Next to many classic Phish songs is the credit (Anastasio/Marshall), a testament to the songwriting duo of Trey Anastasio and Tom Marshall. The longtime friends and musical partners have written countless tunes in the band’s repertoire, so it’s no surprise that Marshall would want to talk about said music. Fortunately for us, Marshall has started a new podcast called “Under The Scales,” where he dives deeper into the Phish culture from his unique perspective.Marshall launched the series with three episodes. The first talks about the motivation behind the podcast, the second discusses a songwriting weekend that led to some of Phish’s most prized material, and the third talks about “Riding The Rail” at shows. Check out all three episodes, with titles and Marshall’s descriptions, below.Episode #000: Let’s Take A RideMy producer, Mark Dowd, and I take a ride through Trey’s and my old grade-school, and discuss some history and motivation behind the Under the Scales podcast.Episode #001: The Songwriting WeekendIn 1997, Trey and I escaped for long weekends to write a lot of songs which eventually appeared on Phish albums and became part of Phish’s live repertoire. This is the story of one of those weekends, and how it got off to a *horrifying* start. Trey listened to this and said “it’s like the secret backstory to the song Twist” — and it really is.Episode #002: Riding the RailDerek Gregory joins me in the studio to discuss his extensive experience with Phish…he likes it up close to the band. Real close. I try to figure out the hows and whys of “riding the rail” as it’s called.We can’t wait for more Under The Scales!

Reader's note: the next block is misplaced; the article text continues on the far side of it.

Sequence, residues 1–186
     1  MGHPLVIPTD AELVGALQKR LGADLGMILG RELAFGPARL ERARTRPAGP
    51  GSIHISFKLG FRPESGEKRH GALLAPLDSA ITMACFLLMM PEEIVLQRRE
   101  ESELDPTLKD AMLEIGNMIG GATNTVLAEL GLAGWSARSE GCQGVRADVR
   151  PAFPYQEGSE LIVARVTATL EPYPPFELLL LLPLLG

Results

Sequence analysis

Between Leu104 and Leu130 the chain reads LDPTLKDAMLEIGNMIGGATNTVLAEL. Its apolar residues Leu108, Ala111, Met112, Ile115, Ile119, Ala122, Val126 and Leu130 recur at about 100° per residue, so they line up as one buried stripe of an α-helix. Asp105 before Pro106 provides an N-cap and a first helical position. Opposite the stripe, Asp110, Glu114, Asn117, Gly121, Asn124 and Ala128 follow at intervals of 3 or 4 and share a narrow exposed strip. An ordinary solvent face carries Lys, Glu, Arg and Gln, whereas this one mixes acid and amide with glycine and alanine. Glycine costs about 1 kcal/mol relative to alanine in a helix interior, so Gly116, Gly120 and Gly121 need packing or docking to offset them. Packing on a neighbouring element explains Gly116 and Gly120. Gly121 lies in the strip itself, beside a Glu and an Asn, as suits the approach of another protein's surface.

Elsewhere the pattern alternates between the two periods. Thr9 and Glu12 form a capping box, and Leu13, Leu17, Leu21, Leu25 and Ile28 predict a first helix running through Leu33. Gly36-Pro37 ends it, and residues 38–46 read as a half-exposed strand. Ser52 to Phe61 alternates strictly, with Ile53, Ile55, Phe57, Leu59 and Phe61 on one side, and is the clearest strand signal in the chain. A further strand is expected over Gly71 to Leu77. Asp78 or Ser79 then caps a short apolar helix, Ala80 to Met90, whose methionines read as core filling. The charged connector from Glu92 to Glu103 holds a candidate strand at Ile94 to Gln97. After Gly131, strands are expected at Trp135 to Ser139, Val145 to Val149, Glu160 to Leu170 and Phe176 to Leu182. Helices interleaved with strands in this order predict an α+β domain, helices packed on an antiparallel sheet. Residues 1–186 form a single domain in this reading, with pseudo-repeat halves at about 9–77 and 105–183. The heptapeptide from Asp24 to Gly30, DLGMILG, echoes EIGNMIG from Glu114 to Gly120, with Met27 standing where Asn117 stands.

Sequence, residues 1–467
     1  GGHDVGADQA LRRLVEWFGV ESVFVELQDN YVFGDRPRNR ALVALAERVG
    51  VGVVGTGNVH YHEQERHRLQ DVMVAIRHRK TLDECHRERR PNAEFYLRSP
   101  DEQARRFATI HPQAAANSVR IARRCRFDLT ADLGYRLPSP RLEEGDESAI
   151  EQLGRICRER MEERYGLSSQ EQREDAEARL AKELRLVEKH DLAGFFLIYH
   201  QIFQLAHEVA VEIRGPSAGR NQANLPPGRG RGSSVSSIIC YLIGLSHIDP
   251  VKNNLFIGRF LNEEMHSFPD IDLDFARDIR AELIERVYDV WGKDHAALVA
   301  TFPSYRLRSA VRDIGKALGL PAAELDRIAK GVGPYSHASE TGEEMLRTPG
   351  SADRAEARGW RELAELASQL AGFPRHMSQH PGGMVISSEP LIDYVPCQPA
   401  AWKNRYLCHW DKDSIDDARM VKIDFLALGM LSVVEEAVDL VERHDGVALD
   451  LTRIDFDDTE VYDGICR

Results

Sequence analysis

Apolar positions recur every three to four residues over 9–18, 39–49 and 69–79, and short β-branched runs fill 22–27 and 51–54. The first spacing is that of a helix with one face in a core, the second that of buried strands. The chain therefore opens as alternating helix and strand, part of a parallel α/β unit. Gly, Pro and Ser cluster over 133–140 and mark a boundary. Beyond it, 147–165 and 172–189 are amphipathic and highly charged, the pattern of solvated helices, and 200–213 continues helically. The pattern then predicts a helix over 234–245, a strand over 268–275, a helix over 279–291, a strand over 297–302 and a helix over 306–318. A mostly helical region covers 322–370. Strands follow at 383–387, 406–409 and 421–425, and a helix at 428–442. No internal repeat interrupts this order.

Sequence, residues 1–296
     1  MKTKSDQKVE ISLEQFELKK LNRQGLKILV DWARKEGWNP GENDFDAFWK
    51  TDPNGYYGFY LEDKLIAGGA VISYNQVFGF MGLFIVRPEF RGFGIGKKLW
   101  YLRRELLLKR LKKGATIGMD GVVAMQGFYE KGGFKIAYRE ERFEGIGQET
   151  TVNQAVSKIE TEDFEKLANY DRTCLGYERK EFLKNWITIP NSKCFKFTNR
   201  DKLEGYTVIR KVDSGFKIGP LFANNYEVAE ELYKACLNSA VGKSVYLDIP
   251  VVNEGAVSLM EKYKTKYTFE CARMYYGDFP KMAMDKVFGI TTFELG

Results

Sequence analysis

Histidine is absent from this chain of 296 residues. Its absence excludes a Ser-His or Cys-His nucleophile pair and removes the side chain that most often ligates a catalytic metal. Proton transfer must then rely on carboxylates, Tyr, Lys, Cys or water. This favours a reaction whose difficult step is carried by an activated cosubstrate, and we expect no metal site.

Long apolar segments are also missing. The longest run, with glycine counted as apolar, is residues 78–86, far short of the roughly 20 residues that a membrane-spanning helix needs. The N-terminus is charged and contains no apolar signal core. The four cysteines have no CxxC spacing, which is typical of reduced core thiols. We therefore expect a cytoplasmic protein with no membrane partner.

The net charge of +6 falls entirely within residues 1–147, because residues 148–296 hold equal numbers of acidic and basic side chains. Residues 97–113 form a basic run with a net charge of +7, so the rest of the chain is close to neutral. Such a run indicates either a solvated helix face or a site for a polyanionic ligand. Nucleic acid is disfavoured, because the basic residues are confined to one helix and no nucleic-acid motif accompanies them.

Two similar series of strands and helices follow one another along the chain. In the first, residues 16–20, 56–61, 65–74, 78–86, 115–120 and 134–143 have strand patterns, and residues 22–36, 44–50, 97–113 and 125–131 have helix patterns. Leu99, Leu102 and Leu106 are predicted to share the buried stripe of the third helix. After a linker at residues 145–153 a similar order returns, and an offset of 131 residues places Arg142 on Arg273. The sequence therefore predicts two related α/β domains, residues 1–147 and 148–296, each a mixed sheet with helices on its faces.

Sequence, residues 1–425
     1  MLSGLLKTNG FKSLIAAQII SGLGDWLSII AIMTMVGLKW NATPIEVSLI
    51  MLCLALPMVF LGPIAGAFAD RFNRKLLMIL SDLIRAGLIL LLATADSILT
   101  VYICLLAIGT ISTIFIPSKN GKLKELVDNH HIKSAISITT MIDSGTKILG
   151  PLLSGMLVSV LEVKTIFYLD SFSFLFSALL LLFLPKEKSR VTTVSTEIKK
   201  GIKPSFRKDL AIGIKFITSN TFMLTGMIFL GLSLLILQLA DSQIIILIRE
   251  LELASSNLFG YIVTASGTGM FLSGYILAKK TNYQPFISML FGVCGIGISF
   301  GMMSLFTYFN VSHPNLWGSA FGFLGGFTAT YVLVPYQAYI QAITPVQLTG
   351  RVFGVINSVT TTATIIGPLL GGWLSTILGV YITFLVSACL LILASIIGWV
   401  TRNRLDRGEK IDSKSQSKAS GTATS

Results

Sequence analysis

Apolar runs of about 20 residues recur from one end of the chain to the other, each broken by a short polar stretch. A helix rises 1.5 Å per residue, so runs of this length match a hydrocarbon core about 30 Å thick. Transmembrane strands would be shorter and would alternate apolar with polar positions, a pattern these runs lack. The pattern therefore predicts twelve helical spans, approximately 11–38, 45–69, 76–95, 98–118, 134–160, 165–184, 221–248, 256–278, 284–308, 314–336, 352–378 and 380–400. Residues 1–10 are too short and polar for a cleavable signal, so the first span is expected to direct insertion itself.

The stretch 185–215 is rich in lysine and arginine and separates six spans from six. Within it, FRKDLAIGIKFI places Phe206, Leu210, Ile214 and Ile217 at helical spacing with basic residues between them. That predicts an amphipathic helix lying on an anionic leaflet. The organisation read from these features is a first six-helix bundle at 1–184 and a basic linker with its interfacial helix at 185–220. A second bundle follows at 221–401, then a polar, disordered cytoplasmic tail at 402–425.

Published on November 8, 2015 at 8:38 pm Contact Sam: [email protected] | @Sam4TR Facebook Twitter Google+ Field hockey loses second consecutive ACC ChampionshipMultiple chances, and a perfect season, slipped by Syracuse on Sunday. Here’s how.Blum: Dungey should not have been in the game when he was injured in 4th quarterIt’s not the first time Eric Dungey went to the locker room with an injury, but it’s the first time SU trailed by 31 points with just a few minutes left. Read why Dungey shouldn’t have been in the game.Jim Boeheim doesn’t expect to have Dajuan Coleman on a minutes limit“Jim Boeheim isn’t going to treat Dajuan Coleman’s left knee like a prized pitcher’s elbow, even if a lot of Syracuse’s potential hinges on Coleman’s health.” More on Boeheim’s approach here.Men’s soccer moves to ACC semifinalIn penalty kicks, Syracuse beat North Carolina to advance. Read about the wins and the team’s next game.Men’s basketball is (almost) backWith a strong showing in the team’s last exhibition game, Syracuse looks ahead to Friday for its official start of the 2015-16 season. Malachi Richardson continued his strong preseason in the blowout win.AdvertisementThis is placeholder textRead all The Daily Orange’s coverage of men’s basketball here. Comments